IMPROVEMENT VIA TESTS IN NUMERICAL WEATHER PREDICTION MODE

There are no fundamental differences in formulation between the global models used for climate simulation and those used for numerical weather prediction (NWP). Models used in operational NWP are evaluated daily for their ability to simulate the evolution of particular weather systems. The statistics of such forecasts have been analyzed to identify systematic errors that emerge in the first few days of simulation. In many cases these systematic forecast errors are closely related to the errors that the same models produce in simulations of the present climate. These considerations led the ECMWF (1999) and the World Climate Research Program (2001) to advocate the use of NWP as a means of evaluating climate models. The idea is to use climate models to produce weather forecasts for real cases, identify the forecast errors, and trace those errors back to weaknesses in the models’ formulations—in other words, to do what NWP centers do as a matter of course.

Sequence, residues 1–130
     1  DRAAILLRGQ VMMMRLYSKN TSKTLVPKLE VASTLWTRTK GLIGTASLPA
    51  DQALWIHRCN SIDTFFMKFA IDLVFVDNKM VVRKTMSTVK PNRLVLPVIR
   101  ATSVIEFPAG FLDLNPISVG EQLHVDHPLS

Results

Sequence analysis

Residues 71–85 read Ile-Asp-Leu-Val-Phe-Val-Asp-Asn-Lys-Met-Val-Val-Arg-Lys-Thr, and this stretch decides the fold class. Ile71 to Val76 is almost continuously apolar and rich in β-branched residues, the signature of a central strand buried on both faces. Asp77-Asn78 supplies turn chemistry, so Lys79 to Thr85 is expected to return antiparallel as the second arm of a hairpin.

There are precedents for this. The United Kingdom’s Met Office has been using a single modeling system for both climate simulation and NWP for years now. In addition, the Max Planck Institute for Meteorology in Hamburg, Germany, developed its climate model by starting from a version of ECMWF’s NWP model. Until recently, however, the United States lagged behind in this area. This has now been corrected through a program called CAPT, the CCPP-ARM (Atmospheric Radiation Measurements) Parameterization Testbed, where CCPP stands for the Climate Change Prediction Program funded by the U.S. Department of Energy. CAPT is using analyses of global weather from NWP centers, in conjunction with field observations such as those provided by ARM, to evaluate parameterizations of subgrid-scale processes in global climate models (Williamson et al., 2005; Boyle et al., 2005). CAPT’s methods were first applied to the community atmosphere model (CAM) and are gradually being used with a wider variety of models, including the GFDL’s Atmospheric Model 2 (AM2). Workshop participants thought that much could be gained if these methods were widely adopted by the U.S. climate modeling community.



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